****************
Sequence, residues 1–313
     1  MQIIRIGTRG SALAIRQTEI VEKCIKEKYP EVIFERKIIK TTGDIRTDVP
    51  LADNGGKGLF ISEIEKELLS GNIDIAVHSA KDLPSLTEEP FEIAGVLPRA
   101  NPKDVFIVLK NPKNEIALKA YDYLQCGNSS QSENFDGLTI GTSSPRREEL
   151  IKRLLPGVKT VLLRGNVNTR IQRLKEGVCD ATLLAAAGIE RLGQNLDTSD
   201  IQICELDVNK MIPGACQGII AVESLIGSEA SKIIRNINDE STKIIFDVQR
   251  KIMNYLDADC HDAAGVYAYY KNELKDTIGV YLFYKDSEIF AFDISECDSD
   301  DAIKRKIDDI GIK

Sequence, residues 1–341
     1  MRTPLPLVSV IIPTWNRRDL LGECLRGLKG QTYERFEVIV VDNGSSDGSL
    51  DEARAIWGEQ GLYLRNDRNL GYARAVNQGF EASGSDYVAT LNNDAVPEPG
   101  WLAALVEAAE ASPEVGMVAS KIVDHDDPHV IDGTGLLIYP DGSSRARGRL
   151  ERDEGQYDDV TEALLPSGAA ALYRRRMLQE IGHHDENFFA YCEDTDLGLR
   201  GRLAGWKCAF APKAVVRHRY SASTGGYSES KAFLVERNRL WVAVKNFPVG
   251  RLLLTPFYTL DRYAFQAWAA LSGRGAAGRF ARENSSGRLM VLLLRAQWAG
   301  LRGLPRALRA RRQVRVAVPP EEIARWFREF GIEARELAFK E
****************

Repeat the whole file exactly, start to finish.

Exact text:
Sequence, residues 1–313
     1  MQIIRIGTRG SALAIRQTEI VEKCIKEKYP EVIFERKIIK TTGDIRTDVP
    51  LADNGGKGLF ISEIEKELLS GNIDIAVHSA KDLPSLTEEP FEIAGVLPRA
   101  NPKDVFIVLK NPKNEIALKA YDYLQCGNSS QSENFDGLTI GTSSPRREEL
   151  IKRLLPGVKT VLLRGNVNTR IQRLKEGVCD ATLLAAAGIE RLGQNLDTSD
   201  IQICELDVNK MIPGACQGII AVESLIGSEA SKIIRNINDE STKIIFDVQR
   251  KIMNYLDADC HDAAGVYAYY KNELKDTIGV YLFYKDSEIF AFDISECDSD
   301  DAIKRKIDDI GIK

Sequence, residues 1–341
     1  MRTPLPLVSV IIPTWNRRDL LGECLRGLKG QTYERFEVIV VDNGSSDGSL
    51  DEARAIWGEQ GLYLRNDRNL GYARAVNQGF EASGSDYVAT LNNDAVPEPG
   101  WLAALVEAAE ASPEVGMVAS KIVDHDDPHV IDGTGLLIYP DGSSRARGRL
   151  ERDEGQYDDV TEALLPSGAA ALYRRRMLQE IGHHDENFFA YCEDTDLGLR
   201  GRLAGWKCAF APKAVVRHRY SASTGGYSES KAFLVERNRL WVAVKNFPVG
   251  RLLLTPFYTL DRYAFQAWAA LSGRGAAGRF ARENSSGRLM VLLLRAQWAG
   301  LRGLPRALRA RRQVRVAVPP EEIARWFREF GIEARELAFK E